See, asparagus is a bit like the coolest of your cousins; the one who lives the furthest away, who you never see nearly as much as you’d like to. When you see him though, it’s so worth it. You hang off his every word as he recounts tales of his hip neighbourhood, awesome friends and charmed life. You know deep down however, that if he did come more often, the sheen would immediate fade, and somehow all of his tales would all of a sudden seem phoney and contrived.

And so it is with asparagus. The season for it is blink-and-you-miss-it short, usually only around six weeks. Thus it carries with it a certain amount of exclusive charm as you realise you’d better enjoy its fleeting presence on the nation’s market stalls before it’s usurped by average-joe summer berries. And just like your hipster cousin, spring’s king of legumes is delightfully low maintenance. In fact, the less you mess around with it, the better. Just snap off the woody ends, whip up a self-saucing poached egg, add a sprinkling of your finest salt and you’ve got perfection on a plate.

For those inexplicably adverse to a plate of delicious spears, here are some other fruit and veg good to eat now.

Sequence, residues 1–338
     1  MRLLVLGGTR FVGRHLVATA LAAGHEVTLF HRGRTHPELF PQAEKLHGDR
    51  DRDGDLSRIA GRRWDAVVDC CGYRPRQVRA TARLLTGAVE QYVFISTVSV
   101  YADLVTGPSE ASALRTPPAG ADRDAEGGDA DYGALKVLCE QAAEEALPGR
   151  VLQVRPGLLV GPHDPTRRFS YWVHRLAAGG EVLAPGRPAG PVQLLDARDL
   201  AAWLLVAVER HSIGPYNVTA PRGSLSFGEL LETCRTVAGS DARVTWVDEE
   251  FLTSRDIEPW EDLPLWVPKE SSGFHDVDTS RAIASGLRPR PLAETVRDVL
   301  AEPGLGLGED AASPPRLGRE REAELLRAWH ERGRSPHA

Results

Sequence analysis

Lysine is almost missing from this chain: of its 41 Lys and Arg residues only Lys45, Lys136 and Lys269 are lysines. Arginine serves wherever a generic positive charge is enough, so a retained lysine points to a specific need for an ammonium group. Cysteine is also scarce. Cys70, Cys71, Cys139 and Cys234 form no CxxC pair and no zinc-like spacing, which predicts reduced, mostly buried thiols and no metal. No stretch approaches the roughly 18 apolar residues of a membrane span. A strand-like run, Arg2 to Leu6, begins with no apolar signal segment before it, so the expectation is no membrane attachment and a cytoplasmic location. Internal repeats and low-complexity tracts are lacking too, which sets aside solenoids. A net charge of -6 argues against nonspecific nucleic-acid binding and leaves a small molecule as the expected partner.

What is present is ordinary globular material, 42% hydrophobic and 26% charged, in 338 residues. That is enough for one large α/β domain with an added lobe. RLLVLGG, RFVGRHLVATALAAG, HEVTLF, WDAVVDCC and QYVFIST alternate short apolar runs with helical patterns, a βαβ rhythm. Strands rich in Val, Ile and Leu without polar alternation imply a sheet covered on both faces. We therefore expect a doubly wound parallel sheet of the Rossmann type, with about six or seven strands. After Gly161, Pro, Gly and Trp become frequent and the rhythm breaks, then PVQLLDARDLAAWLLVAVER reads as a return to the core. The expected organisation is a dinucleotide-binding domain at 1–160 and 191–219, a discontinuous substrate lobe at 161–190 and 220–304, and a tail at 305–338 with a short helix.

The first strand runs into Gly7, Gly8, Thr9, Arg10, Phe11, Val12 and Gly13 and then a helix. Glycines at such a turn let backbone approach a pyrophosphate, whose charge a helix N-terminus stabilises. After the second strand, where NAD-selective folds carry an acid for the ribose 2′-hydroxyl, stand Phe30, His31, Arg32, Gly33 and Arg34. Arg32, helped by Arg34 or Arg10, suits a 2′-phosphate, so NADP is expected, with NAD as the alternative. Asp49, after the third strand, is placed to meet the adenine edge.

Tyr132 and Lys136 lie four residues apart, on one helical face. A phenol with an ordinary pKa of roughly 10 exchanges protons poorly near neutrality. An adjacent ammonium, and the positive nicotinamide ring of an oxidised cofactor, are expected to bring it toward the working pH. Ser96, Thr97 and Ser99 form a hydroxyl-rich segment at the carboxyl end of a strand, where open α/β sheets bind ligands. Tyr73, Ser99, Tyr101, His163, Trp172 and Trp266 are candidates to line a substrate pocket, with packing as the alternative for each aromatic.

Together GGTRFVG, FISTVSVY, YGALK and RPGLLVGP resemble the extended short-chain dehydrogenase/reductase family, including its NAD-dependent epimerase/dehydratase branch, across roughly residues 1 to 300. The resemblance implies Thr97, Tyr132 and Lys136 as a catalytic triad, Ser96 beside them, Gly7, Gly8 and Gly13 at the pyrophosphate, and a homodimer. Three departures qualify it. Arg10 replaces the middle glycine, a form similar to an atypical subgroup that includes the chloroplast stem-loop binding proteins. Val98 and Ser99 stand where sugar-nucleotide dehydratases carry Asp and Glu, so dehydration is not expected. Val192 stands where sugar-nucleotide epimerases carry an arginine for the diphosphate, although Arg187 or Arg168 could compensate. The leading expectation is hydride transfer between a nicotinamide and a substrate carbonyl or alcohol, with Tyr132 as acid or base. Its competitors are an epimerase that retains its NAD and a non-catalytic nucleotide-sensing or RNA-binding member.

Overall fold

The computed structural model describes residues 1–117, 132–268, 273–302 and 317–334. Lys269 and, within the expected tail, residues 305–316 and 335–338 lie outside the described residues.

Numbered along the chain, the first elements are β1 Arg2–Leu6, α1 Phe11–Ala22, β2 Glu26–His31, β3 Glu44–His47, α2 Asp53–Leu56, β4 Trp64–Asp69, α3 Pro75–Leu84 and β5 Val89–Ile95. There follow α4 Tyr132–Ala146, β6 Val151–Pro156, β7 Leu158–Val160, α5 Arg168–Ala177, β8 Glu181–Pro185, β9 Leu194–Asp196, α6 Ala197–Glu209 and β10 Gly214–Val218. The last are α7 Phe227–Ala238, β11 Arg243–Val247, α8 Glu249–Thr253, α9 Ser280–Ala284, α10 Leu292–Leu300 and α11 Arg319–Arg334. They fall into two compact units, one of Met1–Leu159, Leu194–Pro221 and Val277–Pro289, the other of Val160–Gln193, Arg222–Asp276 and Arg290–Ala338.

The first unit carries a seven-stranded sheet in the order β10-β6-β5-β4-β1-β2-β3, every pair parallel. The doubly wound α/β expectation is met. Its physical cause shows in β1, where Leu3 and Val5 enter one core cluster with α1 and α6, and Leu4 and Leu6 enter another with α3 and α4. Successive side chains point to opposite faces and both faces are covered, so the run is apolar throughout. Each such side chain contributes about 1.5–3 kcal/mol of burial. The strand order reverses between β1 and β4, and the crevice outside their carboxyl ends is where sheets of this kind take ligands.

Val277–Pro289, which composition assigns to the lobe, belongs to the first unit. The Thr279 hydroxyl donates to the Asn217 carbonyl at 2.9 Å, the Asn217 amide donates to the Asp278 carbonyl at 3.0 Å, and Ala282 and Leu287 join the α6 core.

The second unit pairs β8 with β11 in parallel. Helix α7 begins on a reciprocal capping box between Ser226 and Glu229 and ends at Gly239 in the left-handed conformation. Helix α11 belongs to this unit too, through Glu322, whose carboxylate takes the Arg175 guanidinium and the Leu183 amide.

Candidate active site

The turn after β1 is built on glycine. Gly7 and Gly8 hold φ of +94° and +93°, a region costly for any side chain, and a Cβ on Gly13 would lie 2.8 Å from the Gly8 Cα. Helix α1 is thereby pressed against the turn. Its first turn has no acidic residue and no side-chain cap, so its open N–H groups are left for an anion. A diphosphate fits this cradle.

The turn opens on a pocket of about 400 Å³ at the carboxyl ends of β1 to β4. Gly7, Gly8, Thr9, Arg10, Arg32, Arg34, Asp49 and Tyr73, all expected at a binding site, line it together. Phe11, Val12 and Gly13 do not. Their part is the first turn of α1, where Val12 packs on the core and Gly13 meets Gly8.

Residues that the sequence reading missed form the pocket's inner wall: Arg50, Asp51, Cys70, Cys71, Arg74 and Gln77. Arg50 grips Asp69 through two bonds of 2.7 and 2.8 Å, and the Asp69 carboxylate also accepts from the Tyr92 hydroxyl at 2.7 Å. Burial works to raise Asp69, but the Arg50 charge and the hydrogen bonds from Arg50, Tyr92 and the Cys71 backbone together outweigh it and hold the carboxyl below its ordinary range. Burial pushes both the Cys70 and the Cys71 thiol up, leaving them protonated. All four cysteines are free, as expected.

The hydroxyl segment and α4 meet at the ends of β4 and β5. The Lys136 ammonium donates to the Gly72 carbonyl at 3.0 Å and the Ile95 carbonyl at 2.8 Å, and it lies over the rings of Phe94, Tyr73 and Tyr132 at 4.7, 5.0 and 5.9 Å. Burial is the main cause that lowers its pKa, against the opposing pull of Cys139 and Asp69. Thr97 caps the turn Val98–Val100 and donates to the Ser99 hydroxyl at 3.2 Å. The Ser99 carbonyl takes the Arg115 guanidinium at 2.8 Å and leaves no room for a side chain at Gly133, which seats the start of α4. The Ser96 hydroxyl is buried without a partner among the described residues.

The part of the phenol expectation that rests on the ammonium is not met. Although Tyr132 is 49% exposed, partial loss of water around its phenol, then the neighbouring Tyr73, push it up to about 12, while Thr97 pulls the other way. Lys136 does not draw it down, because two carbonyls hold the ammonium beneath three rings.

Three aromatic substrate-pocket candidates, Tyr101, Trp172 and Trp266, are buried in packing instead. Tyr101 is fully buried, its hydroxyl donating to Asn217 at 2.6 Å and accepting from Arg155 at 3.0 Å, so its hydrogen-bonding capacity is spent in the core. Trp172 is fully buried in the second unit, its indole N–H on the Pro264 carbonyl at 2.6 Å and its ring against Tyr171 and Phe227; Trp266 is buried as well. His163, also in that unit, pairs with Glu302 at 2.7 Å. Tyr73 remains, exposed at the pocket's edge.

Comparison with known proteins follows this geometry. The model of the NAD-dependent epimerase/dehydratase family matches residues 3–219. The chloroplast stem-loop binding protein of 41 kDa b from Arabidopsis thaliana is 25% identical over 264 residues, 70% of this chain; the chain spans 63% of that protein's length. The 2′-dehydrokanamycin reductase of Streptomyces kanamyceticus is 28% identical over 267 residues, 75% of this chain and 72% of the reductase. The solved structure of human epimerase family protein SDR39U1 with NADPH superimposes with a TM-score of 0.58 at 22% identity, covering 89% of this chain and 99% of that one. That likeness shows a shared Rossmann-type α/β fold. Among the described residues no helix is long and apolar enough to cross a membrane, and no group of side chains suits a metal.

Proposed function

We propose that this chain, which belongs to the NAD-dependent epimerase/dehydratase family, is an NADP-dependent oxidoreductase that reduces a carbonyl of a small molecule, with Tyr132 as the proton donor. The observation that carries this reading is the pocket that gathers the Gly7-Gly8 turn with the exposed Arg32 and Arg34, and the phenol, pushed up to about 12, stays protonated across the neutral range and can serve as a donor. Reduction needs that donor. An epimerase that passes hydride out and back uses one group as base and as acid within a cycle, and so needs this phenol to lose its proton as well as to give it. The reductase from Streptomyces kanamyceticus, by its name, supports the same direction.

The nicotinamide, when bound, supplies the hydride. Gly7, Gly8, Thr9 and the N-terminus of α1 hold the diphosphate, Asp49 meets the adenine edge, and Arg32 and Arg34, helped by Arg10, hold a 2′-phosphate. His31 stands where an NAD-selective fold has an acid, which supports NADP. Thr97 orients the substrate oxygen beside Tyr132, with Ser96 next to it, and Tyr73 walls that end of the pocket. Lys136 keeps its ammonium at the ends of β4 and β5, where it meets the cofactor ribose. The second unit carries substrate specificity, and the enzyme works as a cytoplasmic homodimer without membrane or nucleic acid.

Broccoli – brocoli
Carrots – carottes
Chicory – endive
Lettuce – laitue
New potatoes – pomme de terres nouvelles
Peas – petits pois
Radishes – radis
Rocket – roquette
Spinach – epinards
Spring onions – oignons blancs
Watercress – cresson
White asparagus – asperges blanches (I’ve wittered on about the green version, but the white is good too – if you can be bothered to peel it…)

In season: March

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Now that the winter is definitely behind us, and the warm weather has come to join the party, there’s no excuse not to head out to the market to fill your boots with delicious seasonal fruit and veg. Here’s a list of what’s good to eat now.

Beetroot – betterave
Blood orange – orange sanguine
Brussels sprouts – chou de Bruxelles
Cabbage – chou
Carrot – carrotte
Cauliflower – chou-fleur
Celery – céleri
Chicory – endive
Jerusalem artichoke – topinambour
Leeks – poireau
Potatoes – pomme de terre
Radishes – radis
Spring onion – oignons frais
Turnip – navet

If you fancy getting creative with your spoils, then here’s a recipe for beetroot pie to impress the pants off your friends with, courtesy of the BBC. Enjoy!

http://www.bbc.co.uk/food/recipes/beetroot_pie_89195